Heart disease is an umbrella term for a range of conditions that result in narrowed or blocked blood vessels, including coronary heart disease, heart attack, congestive heart failure and congenital heart disease. Cardiovascular disease is the number one killer of both men and women in the United States. However, the conditions it entails are largely preventable. We highly encourage you to learn more about the common causes of heart disease and how you can help to keep your heart healthy.
The causes of heart disease vary by the specific condition you have, although many people with heart disease have more than one condition. Cardiovascular disease refers to the buildup of fatty plaque in the arteries that lead to and from the heart, a condition known as atherosclerosis. When the vessels become blocked, blood is unable to flow to and from your organs and tissues, causing a range of uncomfortable symptoms and potentially dangerous complications, including heart attack and stroke. Atherosclerosis is commonly caused by an unhealthy diet, tobacco use, a sedentary lifestyle and being overweight or obese.
Arrhythmias occur when the electrical activity that powers the heart is compromised, leading to an irregular heartbeat. While arrhythmias are often congenital, they can also be caused by coronary artery disease, high blood pressure, smoking, diabetes, excessive consumption of alcohol or caffeine, drug abuse, stress and certain medications.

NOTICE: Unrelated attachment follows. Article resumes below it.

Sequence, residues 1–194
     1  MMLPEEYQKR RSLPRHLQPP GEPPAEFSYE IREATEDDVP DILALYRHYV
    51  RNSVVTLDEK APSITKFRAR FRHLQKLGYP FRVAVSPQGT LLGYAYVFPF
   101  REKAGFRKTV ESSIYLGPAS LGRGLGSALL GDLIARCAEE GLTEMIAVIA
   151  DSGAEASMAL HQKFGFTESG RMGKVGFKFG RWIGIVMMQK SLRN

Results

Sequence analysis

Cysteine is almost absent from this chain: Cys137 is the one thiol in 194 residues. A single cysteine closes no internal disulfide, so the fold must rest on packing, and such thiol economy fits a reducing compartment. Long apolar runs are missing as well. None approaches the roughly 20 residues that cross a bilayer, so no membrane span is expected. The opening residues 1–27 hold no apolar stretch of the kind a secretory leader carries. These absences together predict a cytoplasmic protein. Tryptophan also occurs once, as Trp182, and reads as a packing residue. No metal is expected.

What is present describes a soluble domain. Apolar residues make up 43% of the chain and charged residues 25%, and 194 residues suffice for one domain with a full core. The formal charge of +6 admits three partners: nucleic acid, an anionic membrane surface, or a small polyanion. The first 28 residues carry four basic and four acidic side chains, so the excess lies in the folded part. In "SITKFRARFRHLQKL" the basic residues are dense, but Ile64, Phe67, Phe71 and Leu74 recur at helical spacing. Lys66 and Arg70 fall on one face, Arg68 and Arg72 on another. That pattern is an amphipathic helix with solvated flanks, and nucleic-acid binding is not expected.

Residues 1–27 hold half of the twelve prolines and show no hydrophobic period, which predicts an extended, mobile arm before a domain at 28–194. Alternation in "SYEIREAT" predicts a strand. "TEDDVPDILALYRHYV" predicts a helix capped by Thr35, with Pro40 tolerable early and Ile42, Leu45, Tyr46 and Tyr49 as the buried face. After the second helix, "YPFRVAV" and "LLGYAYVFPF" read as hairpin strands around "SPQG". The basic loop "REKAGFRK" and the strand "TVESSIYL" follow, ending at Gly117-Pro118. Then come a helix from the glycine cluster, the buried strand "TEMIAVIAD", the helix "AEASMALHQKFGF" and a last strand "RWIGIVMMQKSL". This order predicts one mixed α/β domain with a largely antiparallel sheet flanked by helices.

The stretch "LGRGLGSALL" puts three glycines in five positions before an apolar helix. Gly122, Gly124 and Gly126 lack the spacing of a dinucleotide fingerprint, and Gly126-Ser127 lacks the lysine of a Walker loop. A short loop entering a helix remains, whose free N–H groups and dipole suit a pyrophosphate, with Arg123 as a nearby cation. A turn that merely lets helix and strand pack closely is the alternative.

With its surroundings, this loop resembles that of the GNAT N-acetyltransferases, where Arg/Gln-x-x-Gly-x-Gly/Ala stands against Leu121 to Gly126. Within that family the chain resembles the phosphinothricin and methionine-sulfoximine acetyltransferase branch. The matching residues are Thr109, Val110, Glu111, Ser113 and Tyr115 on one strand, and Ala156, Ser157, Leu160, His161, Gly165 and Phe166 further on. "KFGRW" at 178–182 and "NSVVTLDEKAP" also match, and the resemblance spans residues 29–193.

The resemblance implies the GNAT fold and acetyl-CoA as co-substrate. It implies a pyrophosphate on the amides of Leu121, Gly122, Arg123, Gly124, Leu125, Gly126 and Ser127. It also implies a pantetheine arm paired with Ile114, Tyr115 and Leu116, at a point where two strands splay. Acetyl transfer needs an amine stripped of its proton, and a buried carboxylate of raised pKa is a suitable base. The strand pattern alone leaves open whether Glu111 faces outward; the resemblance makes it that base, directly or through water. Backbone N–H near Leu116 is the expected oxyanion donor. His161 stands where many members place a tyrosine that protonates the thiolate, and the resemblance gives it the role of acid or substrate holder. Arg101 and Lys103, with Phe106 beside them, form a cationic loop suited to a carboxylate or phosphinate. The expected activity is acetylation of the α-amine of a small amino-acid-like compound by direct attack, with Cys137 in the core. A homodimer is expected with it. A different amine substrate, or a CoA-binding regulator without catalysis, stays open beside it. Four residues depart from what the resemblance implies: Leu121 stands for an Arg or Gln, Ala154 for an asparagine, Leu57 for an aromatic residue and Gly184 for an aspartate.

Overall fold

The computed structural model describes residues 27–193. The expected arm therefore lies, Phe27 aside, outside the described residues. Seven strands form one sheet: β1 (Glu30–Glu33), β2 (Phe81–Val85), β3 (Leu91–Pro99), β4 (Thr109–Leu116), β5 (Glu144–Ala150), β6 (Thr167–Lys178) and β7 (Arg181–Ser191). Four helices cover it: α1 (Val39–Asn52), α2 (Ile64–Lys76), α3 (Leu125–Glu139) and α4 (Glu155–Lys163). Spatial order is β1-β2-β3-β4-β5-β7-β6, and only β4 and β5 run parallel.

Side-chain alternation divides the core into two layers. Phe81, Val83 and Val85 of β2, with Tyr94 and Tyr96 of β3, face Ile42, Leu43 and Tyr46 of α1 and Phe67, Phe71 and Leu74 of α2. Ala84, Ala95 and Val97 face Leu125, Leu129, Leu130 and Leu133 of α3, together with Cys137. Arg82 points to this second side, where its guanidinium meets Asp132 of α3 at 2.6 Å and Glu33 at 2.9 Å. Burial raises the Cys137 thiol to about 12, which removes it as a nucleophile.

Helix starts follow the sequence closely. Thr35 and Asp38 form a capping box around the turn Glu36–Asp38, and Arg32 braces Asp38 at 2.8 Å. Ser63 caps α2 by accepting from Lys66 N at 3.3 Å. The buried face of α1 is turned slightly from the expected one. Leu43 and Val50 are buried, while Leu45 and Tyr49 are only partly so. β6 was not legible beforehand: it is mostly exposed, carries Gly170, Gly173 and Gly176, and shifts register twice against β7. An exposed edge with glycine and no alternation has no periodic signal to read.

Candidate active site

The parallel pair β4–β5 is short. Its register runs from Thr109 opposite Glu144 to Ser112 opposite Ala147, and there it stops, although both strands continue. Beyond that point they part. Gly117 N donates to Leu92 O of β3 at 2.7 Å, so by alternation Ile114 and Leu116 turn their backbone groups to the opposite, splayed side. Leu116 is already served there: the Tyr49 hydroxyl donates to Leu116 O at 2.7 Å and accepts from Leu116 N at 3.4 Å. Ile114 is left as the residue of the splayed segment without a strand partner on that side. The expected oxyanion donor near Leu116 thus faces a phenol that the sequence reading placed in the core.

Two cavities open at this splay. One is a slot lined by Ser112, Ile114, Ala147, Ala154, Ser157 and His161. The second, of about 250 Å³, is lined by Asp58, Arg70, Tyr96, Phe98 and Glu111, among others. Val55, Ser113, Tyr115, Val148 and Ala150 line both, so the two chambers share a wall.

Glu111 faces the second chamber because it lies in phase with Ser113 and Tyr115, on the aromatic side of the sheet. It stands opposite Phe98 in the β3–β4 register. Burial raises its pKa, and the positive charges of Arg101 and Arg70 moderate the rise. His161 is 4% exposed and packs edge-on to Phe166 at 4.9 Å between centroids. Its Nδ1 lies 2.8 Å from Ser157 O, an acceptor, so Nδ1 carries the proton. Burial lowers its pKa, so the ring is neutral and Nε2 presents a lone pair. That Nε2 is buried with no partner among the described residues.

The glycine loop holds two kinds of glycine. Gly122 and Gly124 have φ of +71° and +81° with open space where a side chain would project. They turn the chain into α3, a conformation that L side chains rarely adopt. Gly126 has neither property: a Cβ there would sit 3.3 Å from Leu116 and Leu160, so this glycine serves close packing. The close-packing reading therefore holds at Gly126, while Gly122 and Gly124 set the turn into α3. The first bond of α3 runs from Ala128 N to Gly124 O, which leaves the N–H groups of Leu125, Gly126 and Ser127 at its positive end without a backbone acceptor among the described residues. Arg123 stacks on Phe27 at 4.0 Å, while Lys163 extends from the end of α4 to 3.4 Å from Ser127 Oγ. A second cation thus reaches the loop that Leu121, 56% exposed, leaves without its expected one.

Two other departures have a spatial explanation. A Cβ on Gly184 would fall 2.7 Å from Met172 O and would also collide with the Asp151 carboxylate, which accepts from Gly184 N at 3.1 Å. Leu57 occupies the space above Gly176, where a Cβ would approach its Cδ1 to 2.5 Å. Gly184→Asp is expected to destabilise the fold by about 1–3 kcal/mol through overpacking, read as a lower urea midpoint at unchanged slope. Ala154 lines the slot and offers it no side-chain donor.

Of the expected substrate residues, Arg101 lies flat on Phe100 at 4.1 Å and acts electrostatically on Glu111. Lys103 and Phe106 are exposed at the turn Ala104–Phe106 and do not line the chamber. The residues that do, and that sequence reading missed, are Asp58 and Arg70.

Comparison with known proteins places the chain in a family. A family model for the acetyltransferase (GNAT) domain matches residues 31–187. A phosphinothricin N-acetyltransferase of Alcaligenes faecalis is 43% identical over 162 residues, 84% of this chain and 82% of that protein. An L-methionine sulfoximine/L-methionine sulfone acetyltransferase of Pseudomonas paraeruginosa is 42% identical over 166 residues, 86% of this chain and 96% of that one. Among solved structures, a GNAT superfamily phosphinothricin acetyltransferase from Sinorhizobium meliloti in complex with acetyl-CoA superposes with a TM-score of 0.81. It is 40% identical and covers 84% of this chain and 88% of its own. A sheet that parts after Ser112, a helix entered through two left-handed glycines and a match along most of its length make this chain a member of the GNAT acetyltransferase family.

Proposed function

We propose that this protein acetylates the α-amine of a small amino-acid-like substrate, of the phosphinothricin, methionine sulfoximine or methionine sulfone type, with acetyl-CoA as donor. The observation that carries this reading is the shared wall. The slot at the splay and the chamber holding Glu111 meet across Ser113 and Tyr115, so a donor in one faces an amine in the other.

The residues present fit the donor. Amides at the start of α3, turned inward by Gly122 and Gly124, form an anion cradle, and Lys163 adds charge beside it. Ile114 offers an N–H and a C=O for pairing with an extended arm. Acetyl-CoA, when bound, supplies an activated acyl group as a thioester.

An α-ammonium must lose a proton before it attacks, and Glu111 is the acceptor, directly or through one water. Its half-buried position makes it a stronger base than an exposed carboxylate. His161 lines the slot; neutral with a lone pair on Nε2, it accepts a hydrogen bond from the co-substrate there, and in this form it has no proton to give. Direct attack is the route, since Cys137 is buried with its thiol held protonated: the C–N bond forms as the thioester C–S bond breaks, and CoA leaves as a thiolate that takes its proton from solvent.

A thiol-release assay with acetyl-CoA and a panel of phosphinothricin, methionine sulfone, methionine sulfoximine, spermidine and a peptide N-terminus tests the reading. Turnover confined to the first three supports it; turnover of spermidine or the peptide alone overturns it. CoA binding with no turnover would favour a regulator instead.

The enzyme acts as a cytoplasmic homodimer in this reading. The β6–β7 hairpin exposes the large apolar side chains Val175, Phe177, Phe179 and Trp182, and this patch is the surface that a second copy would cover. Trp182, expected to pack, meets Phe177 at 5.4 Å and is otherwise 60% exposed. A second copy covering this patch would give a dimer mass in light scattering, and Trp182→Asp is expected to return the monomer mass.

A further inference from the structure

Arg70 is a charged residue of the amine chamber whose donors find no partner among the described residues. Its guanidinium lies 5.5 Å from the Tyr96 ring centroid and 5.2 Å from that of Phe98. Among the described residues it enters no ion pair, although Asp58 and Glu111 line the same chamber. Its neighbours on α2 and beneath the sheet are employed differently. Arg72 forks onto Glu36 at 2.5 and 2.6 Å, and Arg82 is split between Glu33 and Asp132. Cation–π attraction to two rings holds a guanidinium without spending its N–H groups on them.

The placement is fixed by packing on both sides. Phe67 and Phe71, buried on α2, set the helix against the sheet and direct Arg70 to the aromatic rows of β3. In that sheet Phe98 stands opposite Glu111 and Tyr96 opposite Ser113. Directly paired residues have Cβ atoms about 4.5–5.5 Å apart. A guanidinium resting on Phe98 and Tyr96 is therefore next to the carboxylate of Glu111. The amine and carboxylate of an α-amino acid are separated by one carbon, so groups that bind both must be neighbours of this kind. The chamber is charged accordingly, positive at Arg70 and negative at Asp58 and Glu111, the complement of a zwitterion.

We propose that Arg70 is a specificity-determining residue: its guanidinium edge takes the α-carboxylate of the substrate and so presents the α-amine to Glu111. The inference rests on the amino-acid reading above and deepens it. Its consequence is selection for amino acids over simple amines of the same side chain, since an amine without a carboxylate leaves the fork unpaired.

Heart failure occurs when the heart muscles are weakened, rendering it unable to pump enough blood and oxygen to meet the needs of your body. Heart failure typically occurs among those who are older than age 60 and who already have coronary artery disease or high blood pressure or who have had a previous heart attack.
While heart disease is frightening, many of the conditions that fall under this category are preventable. You can protect your heart’s health by making lifestyle changes, such as quitting tobacco usage; eating a nutritious diet that limits saturated fats, trans fat, sodium and cholesterol; exercising for at least 30 minutes each day; losing weight if you are overweight or obese; and limiting alcohol intake to no more than one drink per day for women and two drinks per day for men.
Risk factors for heart disease that cannot be controlled include family history, advanced age and race (certain groups, including Hispanics and African Americans, are at higher risk for heart disease).